Trend forecasting is a complex process that allows brands to stay ahead of the game. It is important to develop an understanding of social and cultural phenomena and their long-term impact on trends. This wide perspective will help you to look for potential gaps in the market and create the right product. We have spoken to industry professionals to learn how to decode today’s fashion on your own.
HOW TO INTERPRET TRENDS
To follow trends means to imitate. Fashion is competitive, so an innovative, unique proposition is key to succeed. One needs to remember the trends are all interlinked: “No trend can live for very long without being supported or linked to other trends. Megatrends, micro trends, style and colour trends, as well as short term fads – they all interact with each other and reflect the spirit of time and societal shifts,” says Louise Byg Kongsholm, the CEO of Danish trend institute Pej Gruppen.
Rachel Higginbottom, the founder of Tactile Trends specialising in textiles, thinks it is important to ‘retain a good balance between facts and intuition, while always catering to the needs of your final customer’. The differentiation between short-term and long-term trends also needs to be made: “Short-term trends can be recurrent and are generally sparked off by runway collections, magazine editorials and celebrities. They usually peak quickly and have a reasonably short life. Long-term trends are forecasts made approximately two years in advance and can take source from culture, technological innovation or scientific discoveries. They are eventually filtered through lifestyle and art to become products.”
To spot the trend, one needs to devote some time to research and observation. Byg Kongsholm advises to look beyond one’s niche or industry. “Art, music, food – all different aspects of lifestyle say a lot about what consumers are interested in,” she says. Louise Stuart Trainor, a trend consultant and a lecturer at London College of Fashion, supports this idea: “As a designer, you can find ideas in politics, art, history and science. Look beyond your comfort zone to publications and news content that you wouldn’t normally reach out to.”
Cecile Poignant, the editor of Trend Tablet – the platform founded by Li Edelkoort – and the lecturer at Parsons Paris, thinks that trends can be found in places where people are expressing themselves: “Trends are everywhere – not only in glossy magazines or on the websites. You can find them in the supermarket or during a dinner with friends. Looking at things in real life is key.”
Social medias are also important. Higginbottom points there are plenty of useful hashtags to explore – #crafttherainbow, #gameoftones, #dstextures and #dscolours. If you wish to take a bit of time to read, sites such as Dezeen, Trend Tablet or Trendland (and many more – see our recommended list at the end of the article) will provide you with great journalistic content. “Despite the wonderful web, my main source of inspiration still comes from print publications. Some of my current favorites are Talking Textiles, Tiny Atlas, Kinfolk or Cereal.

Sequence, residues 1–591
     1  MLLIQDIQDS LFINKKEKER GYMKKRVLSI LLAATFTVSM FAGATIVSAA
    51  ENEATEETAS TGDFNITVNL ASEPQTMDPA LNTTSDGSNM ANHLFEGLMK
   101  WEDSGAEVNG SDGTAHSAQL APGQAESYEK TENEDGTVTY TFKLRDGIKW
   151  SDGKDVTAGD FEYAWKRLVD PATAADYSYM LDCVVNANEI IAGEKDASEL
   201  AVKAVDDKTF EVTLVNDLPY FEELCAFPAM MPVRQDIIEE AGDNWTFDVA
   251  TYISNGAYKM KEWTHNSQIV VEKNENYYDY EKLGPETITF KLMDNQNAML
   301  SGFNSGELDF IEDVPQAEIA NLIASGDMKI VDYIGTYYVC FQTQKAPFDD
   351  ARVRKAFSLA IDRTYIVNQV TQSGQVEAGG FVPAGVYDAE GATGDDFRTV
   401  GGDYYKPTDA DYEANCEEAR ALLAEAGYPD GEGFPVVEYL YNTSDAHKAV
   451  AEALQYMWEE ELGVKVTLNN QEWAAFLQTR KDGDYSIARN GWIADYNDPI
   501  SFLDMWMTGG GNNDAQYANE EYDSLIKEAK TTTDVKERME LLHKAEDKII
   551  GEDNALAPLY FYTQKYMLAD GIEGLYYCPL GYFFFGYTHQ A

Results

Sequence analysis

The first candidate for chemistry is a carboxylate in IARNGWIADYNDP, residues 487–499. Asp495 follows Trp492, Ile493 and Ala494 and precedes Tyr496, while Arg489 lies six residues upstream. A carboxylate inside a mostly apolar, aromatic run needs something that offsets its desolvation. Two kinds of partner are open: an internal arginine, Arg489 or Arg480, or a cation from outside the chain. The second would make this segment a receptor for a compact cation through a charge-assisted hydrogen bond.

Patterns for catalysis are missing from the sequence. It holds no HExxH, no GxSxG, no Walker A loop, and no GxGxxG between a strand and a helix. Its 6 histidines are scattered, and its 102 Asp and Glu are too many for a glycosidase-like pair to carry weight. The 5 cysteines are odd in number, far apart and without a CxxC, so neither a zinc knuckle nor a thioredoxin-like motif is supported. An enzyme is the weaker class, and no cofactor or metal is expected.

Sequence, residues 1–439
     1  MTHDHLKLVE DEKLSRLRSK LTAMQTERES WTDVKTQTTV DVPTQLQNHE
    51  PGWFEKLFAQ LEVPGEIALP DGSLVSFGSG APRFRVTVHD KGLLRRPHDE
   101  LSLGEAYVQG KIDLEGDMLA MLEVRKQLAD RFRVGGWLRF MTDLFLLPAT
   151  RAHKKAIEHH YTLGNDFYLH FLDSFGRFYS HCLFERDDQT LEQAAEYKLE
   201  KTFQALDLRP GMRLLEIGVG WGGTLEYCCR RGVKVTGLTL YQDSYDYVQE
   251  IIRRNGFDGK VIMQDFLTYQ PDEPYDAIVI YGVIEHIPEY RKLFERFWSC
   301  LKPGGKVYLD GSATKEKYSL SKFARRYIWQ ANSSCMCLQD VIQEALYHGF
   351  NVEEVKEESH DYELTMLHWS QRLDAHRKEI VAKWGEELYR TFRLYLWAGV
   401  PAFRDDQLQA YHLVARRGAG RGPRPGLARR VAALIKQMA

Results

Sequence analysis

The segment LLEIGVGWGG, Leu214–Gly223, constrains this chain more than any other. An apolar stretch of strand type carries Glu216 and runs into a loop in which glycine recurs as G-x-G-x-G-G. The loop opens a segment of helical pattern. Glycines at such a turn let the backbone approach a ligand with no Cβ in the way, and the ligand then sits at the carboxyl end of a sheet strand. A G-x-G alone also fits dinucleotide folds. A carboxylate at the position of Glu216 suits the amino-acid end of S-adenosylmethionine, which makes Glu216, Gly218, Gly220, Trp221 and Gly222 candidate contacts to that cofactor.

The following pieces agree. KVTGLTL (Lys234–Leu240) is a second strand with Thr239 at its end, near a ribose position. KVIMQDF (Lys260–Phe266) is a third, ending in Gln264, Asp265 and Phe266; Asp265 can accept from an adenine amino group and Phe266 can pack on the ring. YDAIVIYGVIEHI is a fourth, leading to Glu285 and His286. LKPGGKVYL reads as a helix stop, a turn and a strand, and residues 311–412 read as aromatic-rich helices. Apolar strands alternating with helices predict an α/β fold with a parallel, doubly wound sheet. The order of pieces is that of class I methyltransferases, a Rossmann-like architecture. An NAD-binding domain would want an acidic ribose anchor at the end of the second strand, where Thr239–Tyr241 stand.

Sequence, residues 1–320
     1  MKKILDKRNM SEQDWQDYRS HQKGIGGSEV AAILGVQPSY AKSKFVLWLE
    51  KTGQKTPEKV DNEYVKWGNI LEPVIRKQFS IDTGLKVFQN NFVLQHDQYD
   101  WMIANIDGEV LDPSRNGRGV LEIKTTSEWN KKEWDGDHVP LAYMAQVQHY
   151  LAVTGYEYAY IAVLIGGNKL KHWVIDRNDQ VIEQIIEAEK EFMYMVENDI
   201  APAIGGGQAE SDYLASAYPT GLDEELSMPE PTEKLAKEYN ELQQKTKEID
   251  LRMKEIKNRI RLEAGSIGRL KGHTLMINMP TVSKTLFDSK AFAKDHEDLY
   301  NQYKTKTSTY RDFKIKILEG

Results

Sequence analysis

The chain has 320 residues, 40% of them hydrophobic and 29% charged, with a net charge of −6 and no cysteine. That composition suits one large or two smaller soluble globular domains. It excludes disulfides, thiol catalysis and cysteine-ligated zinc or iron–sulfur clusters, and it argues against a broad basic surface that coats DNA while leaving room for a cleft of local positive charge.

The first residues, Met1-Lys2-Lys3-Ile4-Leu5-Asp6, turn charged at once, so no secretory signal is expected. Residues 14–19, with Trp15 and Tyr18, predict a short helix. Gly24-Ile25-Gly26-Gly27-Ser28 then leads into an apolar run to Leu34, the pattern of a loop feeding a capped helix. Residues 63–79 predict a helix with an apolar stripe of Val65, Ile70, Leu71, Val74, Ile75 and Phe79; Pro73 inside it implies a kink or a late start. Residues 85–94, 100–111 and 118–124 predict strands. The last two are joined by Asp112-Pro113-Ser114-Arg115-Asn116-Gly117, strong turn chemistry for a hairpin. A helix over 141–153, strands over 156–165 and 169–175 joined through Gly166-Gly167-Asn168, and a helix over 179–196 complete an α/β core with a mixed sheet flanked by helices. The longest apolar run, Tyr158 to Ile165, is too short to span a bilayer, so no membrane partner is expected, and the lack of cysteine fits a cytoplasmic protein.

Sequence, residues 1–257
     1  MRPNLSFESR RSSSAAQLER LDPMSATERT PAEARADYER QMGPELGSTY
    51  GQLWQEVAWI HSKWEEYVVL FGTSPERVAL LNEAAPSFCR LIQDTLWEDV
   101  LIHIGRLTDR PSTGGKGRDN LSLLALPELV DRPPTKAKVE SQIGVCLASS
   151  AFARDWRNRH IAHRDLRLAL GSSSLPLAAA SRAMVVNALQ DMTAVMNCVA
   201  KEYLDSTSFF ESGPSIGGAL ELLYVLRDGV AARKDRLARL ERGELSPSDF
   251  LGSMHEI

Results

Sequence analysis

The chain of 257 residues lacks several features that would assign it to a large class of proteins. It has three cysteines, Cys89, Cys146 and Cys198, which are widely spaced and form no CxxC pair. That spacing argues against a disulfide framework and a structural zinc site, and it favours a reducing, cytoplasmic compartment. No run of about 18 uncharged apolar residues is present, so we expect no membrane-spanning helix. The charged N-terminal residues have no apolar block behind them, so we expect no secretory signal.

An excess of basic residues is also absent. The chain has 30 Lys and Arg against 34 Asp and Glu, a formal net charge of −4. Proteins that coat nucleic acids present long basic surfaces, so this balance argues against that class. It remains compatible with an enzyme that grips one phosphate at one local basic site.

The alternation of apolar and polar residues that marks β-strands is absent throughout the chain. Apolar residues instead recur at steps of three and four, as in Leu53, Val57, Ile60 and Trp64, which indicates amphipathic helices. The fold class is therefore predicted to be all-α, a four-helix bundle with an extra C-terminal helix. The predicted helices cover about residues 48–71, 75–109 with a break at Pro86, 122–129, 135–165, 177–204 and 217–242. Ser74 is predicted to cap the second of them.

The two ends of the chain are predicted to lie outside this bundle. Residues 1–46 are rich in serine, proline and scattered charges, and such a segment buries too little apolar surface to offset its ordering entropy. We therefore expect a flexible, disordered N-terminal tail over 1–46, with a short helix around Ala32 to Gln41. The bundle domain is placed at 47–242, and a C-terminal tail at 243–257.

I believe in supporting good research and journalism and you can tell when information has been thoughtfully curated. The cost of these magazines is minimal for what you get,” adds Higginbottom.
Is street style important in the trend forecasting process? “Street style expresses the zeitgeist in a way that is more natural than in magazine editorials or the runway shows. It gives evidence of which trends are growing or shrinking and can inspire new styling ideas,” says Trainor. Byg Kongsholm thinks it can inspire the final details or styling, so that the collection resonates with the consumer. Still, trend forecasting is all about being one step ahead.
TRANSLATING TREND INTO A PRODUCT
By the end of the day, the trends should become strong, desirable products. Having outlined the basics of trend forecasting, how can designers translate the concept into something physical? “It’s important to start with macro trends – from the wider environment – rather than looking to fashion first. Ideas, movements, lifestyle, culture, the way we live now and how we will live in the future can give rise to new product design,” says Trainor.
Poignant gives emphasis to ask a lot of questions during the process of product development: “You have to start with why – why and to whom is that trend important? What does it really mean? Be empathetic with the people you are addressing – why would someone be happy to wear your design?”
For Higginbottom, designers should devote time to sourcing innovative and interesting materials, as they are one of the most compelling means of communicating about the trend. One should also consider the timing. Byg Kongsholm draws attention to the decision ‘whether one wants to set or follow the trends’.
TRENDS VS. BRAND IDENTITY
The trends are significant in the process of product development, but one cannot forget about defining brand identity first. “The most important thing is to have a clear DNA, a design direction and to make sure that your product reflects what the brand stands for,” says Byg Kongsholm.
Just like consumers, brands also can fall prey to current trends and as a result, compromise on their vision. According to Trainor, designers should use trends to see what has already been done and benchmark themselves against the competitors. ‘Is the collection new enough to spark interest?’ – this is a question young creators should ask themselves at the very beginning. Researching ideas on a daily basis and following the intuition are skills each designer should include on the CV. Trends are important but they should be critically examined so that innovation remains the priority.
ONLINE TREND SOURCES
Thanks to our speakers, we developed a list of inspiring trend sources online.